Union and marriage, it's not quite even

When Anya Satyanand met the love of her life 11 years ago she asked her to marry her. But that wasn't possible then, and it's still not now.

Ms Satyanand (the daughter of former governor-general Sir Anand Satyanand) and her partner Ange Fleming are one of 2745 couples who have entered into a civil union since they were introduced in 2005.

Some have done it because they wanted to get married, but New Zealand doesn't allow same sex marriages.

Some did it because they wanted to make a commitment, but didn't like the idea of marriage, while others - such as Wellington couple Natalie Gousmett and Drew McGlashen - did it because they didn't want to support an institution that discriminates.

"By not allowing same-sex couples to wed is putting them in a category as second class citizens, and what makes their relationship lesser than a heterosexual relationship? Who has the right to make that decision? It's the state that's making that decision, " Ms Gousmett says.

Of the 2358 couples who have entered into a civil union in New Zealand (the other 387 went through the ceremony overseas and had it registered here), 45 per cent were same-sex female couples, a third were same-sex male couples and just over 20 per cent were heterosexual.

Civil unions are a popular choice in Wellington, with 20 per cent of the country's total registered in the capital, compared to just 11 per cent of marriages. Eighty-three civil unions have been dissolved.

While civil unions paved the way for dozens of pieces of legislation to be changed so that they did not discriminate against same-sex couples, that didn't go far enough, Labour deputy leader Grant Robertson says.

"We got that in all but two laws - the Adoption Act and the Marriage Act.

"I think we made good progress with the civil unions, we achieved a close to equal situation, but it wasn't equality, and I think that's what most people want."

Mr Robertson and his partner, Alf Kaiwai, entered into a civil union in 2009, but Mr Robertson admits they probably would have married had it been an option.

Same-sex marriage entered into the New Zealand public consciousness in 2004, when it was widely debated in Parliament.

Last week, United States president Barack Obama stated that he supported gay marriage, and once again it's become a topic of conversation in New Zealand and throughout the world.

Both Prime Minister John Key and Labour leader David Shearer have indicated they would not stand in the way of moves to allow gay marriage in New Zealand.

Labour MP Louisa Wall has been drafting a private member's bill which would define marriage and enable same sex couples to wed.

She hopes to put it in the parliamentary ballot for members' bills next week.

Ms Satyanand, 34, says she finds it "riotously funny" that Mr Key would support same-sex marriage considering most members of his party voted against civil unions.

The Wellington High School teacher says she and her partner have been to many civil unions "marked by absence", and their union was no different.

Some of their families have struggled to understand their relationship, so when the couple committed to each other in front of a civil union celebrant in Houghton Bay last month, it was a small ceremony.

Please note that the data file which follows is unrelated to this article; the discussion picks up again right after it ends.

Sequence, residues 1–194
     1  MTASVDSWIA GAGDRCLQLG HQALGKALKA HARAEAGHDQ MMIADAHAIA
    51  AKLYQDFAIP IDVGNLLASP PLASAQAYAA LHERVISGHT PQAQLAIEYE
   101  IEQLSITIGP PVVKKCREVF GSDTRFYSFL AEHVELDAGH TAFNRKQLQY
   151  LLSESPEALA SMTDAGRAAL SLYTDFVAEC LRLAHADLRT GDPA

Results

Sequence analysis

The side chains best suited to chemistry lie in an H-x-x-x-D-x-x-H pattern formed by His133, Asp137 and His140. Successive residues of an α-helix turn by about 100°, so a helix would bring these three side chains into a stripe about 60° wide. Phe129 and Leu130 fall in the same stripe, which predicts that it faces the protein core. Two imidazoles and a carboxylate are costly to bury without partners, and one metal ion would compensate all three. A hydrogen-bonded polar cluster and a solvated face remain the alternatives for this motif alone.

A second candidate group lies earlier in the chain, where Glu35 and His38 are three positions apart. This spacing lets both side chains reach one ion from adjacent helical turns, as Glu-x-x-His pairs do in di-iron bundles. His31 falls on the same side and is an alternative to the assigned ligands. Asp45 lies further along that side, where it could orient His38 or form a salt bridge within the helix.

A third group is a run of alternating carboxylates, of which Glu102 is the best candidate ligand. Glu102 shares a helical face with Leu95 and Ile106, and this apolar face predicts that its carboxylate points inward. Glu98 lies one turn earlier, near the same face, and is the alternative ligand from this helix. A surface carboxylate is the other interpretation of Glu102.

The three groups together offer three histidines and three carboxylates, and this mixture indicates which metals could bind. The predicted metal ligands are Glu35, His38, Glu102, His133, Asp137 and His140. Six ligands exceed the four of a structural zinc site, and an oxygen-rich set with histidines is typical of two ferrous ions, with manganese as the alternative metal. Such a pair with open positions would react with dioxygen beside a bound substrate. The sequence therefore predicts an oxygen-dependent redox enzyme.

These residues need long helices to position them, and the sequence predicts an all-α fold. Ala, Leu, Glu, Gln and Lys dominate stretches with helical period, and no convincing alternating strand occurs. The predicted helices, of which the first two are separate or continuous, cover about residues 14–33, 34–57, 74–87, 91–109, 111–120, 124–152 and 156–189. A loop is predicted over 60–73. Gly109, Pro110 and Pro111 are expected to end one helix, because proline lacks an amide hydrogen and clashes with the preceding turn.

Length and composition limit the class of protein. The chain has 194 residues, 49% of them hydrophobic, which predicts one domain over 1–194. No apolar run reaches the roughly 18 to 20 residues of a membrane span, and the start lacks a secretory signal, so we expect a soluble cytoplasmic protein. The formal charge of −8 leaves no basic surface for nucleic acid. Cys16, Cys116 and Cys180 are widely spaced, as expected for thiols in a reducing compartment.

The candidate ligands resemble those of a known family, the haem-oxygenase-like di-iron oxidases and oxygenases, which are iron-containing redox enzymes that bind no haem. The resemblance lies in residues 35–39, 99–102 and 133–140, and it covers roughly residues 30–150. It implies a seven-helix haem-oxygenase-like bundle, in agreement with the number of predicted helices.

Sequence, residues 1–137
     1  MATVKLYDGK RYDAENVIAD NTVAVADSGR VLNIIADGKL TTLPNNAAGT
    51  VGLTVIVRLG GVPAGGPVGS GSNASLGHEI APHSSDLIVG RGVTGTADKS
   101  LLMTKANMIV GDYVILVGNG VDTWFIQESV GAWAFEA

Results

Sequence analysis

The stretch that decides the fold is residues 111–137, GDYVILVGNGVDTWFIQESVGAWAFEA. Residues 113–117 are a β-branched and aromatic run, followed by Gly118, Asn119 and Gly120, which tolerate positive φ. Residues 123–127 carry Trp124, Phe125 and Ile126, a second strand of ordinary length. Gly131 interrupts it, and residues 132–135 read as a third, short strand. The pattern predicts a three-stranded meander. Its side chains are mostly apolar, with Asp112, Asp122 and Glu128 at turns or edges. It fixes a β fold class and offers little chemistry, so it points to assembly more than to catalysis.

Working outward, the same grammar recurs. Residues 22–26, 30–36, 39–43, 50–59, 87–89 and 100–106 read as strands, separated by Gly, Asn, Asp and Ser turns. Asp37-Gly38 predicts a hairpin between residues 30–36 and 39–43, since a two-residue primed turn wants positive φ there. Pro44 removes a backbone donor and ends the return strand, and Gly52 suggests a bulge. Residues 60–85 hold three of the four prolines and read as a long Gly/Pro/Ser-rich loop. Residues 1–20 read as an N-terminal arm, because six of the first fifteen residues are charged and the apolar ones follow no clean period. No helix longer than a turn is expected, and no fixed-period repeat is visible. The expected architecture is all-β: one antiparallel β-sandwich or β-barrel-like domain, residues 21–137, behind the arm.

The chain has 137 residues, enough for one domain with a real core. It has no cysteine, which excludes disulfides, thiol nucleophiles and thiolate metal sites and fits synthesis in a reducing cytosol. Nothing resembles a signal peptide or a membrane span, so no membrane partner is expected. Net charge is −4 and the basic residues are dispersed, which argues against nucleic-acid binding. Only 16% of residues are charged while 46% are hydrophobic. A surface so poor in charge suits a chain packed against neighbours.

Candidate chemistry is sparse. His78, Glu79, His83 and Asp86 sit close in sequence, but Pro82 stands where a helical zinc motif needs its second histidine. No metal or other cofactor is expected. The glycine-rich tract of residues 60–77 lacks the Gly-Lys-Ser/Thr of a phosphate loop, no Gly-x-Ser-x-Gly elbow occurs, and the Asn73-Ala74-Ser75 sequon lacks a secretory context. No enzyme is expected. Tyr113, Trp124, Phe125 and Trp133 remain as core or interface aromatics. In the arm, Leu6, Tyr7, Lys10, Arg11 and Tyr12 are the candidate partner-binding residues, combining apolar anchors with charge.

"Ideologically I find the idea of marriage problematic, but that's because it's an exclusive concept at the moment, " Ms Satyanand says.

"I think civil unions now have a meaning that is politically different to marriage."

The family of Ms Gousmett, 31, and her partner of nine years, Mr McGlashen, 30, also struggled to understand their union but for a different reason.

The concept of civil unions is still foreign to some people, the couple say, and their families could not understand why they chose it over marriage.

"They didn't know what it meant and they didn't know why we were choosing that, and in some ways didn't know how to react. In the end they were just excited we were having a celebration of our relationship, " Ms Gousmett says.

They say Pakeha New Zealanders don't have many traditions to hold onto so can understand why people choose to get married.

"The tradition of marriage is pretty ingrained - it's a big part of our culture."

But the couple decided to get a civil union because marriage is not available for everyone, and they didn't like the idea of being a husband and wife.

"Because of the religious and traditional stuff, marriage wasn't for us, but if people want to get married then who has the right to say they can't, " Ms Gousmett says.

While Conservative Party leader Colin Craig may not agree, Ms Satyanand certainly does.

She and her partner have two young children, who were conceived via sperm donation provided to them by a heterosexual couple who have their own children and who also chose a civil union over marriage.

She hopes things will change once her children are old enough to decide whether they want to get married or not.

"When they step out into the world on their own I really hope it will be a better place."


2358 registered in New Zealand since 2005.

About 20 per cent registered in Wellington 387 civil unions overseas, but registered in New Zealand 169,792 marriages registered in New Zealand and overseas since 2005 Same-sex marriage is legal in 11 countries.

Same sex marriages introduced worldwide:
2001 Netherlands 2003 Belgium 2004 Canada 2005 Spain 2006 South Africa 2008 Norway 2009 Mexico City 2009 Sweden 2010 Argentina, Iceland and Portugal.

In the United States and Brazil, same-sex marriages are not recognised federally but some states or courts have allowed same-sex couples to legally marry.